“Sweat Equity” In Startups And Early-Stage Businesses (2015)
4.0 Credits: 2.0 Skills, 2.0 Areas of Professional Practice
Because early-stage companies often cannot afford to pay their workers in cash, a significant part of their workers’ compensation will consist of founders’ shares, restricted stock, options, warrants and other “equity” securities. Workers whose only compensation consists of stock or other securities are referred to as “sweat equity.”
If a company takes off and becomes wildly successful, “sweat equity” workers who sign up early can share in the exponential growth in the company’s value. But if the “sweat equity” compensation plan is not structured properly, both the company and its workers may face legal and tax consequences that may jeopardize the startup’s success.
This program focuses on the often complicated legal, tax, financial and ethical issues involved in compensating “sweat equity” participants in early-stage companies, including (in some cases) the company’s founders.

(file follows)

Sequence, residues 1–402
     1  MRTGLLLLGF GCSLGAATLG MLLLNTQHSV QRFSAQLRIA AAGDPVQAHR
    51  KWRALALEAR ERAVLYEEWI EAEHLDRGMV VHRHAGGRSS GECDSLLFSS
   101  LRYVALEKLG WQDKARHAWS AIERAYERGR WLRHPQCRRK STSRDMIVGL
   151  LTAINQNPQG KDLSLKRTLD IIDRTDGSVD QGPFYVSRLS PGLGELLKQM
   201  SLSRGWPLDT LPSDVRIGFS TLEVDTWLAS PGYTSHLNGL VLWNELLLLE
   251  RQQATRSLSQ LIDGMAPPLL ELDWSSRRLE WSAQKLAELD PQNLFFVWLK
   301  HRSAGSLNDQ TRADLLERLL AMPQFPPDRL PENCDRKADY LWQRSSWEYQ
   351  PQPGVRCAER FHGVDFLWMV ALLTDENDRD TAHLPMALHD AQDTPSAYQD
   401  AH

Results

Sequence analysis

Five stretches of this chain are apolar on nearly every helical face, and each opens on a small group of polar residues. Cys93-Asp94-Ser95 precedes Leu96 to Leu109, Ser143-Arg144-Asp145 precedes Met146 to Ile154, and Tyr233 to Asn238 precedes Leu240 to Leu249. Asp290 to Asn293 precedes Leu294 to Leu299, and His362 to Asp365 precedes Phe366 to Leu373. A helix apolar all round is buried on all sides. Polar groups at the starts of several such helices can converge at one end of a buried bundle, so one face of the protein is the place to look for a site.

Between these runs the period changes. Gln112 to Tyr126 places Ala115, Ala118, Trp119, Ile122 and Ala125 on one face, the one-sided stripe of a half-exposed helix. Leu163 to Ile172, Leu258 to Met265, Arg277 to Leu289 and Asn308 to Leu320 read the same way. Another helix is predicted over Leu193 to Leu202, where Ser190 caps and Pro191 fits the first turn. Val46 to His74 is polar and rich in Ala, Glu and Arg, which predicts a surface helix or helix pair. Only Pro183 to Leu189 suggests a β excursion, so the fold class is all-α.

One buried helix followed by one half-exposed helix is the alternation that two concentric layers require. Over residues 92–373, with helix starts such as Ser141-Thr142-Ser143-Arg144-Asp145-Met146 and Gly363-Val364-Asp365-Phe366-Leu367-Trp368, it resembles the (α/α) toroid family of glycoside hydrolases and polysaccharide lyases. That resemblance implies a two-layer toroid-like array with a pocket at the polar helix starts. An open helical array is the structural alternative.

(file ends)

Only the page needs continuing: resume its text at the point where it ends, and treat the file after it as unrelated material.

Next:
Introduction to Sweat Equity
Compensation Issues for the Startup Venture
Tax Issues for the Startup Venture
Employment Law Issues for the Startup Venture: Representing the “Sweat Equity” Worker in a Startup or Early-Stage Venture
Panel Discussion of Mock Letter of Intent
Cliff Ennico, Esq., Law Offices of Clifford R. Ennico, Fairfield, Connecticut
Wendi Lazar, Esq., Outten and Golden LLP, New York City
Leo Parmegiani, CPA and Tax Partner, O’Connor Davies LLP, New York City
Thomas Riggs, Esq., O’Connor Davies LLP, New York City
Total Credits: 4.00 | Areas of Professional Practice: 2.00, Skills: 2.00